As an organization, Mental Health America of the Heartland (MHAH) has been around for nearly a century. We began our work in 1909 when Clifford W. Beers, a young businessman who struggled with a mental illness, shared his story with the world in his autobiography “A Mind That Found Itself” and created a national citizens’ group to promote mental health and improve conditions for children and adults living with these health problems. It was a revolutionary act and attracted prominent national leaders of the time, including the philosopher William James and the Rockefeller family.
Our name, Mental Health America of the Heartland, was chosen to communicate how fundamental mental health is to the overall health and well-being of every American. Our logo is meant to convey MHAH’s forward-looking, vibrant movement; the bell image in the logo is a graphic representation of an actual 300lb. bell, the Mental Health America Bell. The Bell was forged more than 50 years ago with iron chains and shackles that bound people in mental asylums. It serves as a vital reminder of our past and the progress we have made, and a powerful symbol of our vital mission.
Mental Health America of the Heartland (previously The Mental Health Association of the Heartland) resulted from the consolidation in 1996 of three affiliates of the National Mental Health Association that served Johnson and Wyandotte (KS) and Jackson (MO) counties. Motivations for consolidating these small agencies, some with over 75 years of service to our community, were many: to enhance program opportunities, to provide continuity for individuals and families with mental health needs, to respond to the funding community, and to realize economies of scale. With consolidation, the agency engaged in a thoughtful process of re-organizing its programs that included closure, merger, and attention to new community needs, all awith an eye toward ensuring programs remained mission-driven and available to citizens throughout the Greater Kansas City Metropolitan Area.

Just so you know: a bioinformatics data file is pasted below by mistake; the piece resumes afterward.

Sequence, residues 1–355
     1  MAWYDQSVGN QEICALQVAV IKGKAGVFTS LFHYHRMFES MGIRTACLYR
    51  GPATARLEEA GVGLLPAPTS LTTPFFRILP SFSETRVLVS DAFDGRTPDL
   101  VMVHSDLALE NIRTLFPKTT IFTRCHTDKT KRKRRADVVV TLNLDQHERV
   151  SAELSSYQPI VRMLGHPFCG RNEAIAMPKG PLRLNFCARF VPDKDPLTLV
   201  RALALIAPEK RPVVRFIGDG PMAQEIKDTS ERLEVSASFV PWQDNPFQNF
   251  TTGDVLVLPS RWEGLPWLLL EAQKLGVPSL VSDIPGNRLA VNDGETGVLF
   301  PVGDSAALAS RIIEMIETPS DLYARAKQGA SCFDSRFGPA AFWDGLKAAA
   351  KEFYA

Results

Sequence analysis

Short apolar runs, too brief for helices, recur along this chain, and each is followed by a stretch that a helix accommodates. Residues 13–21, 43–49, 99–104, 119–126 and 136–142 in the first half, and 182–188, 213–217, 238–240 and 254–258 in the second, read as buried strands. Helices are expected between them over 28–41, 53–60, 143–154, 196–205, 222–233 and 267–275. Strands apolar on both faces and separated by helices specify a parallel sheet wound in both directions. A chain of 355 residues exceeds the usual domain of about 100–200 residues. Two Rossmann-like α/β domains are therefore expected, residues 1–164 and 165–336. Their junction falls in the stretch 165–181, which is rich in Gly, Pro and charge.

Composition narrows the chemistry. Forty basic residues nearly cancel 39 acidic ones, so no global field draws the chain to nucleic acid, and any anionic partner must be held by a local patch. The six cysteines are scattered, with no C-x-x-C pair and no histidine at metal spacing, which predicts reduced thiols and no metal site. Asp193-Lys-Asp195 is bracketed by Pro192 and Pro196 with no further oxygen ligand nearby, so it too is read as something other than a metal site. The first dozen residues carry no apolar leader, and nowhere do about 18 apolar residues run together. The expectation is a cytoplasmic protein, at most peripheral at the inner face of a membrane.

Story of the Bell
During World War II, future leaders of the National Mental Health Association worked in state mental hospitals. There, they witnessed the deplorable and inhumane treatment of patients with mental illnesses who were chained by their wrists and ankles to the hospital walls. This experience inspired the men to devote their time to improving the lives of all those who suffer from mental illnesses, and changing the way America thinks about persons with mental illnesses. They believed with better understanding and treatments, the cruel practice of using shackles and chains to restrain people with mental illness would eventually stop.
In 1950, the National Mental Health Association chose a bell as their symbol. Two years later, Mental Health America issued a call to asylums across the country for their discarded chains and shackles. Volunteers at the Mental Health Association’s National Headquarters in New York collected the metal restraints from hundreds of mental hospitals across the country and piled them in the building’s lobby. These restraints were then shipped to the McShane Bell Foundry in Baltimore, Maryland, where on April 13, 1956 they were dropped into a crucible and cast into a 300-pound bell. Nothing could proclaim hope for those who have mental illness more dramatically than a bell cast from the actual chains and shackles used as restraints for persons with mental illnesses.
Too many, a bell symbolized freedom and liberty for the 40 million Americans affected by mental illnesses. The bell serves as a powerful reminder that the invisible chains of misunderstanding and discrimination continue to bind people with mental illnesses.
Over the years, national mental health leaders and other prominent individuals have rung the Bell to mark the continued progress in the fight for victory over mental illnesses.
Today the Mental Health Bell stands as a national symbol for the mental health movement.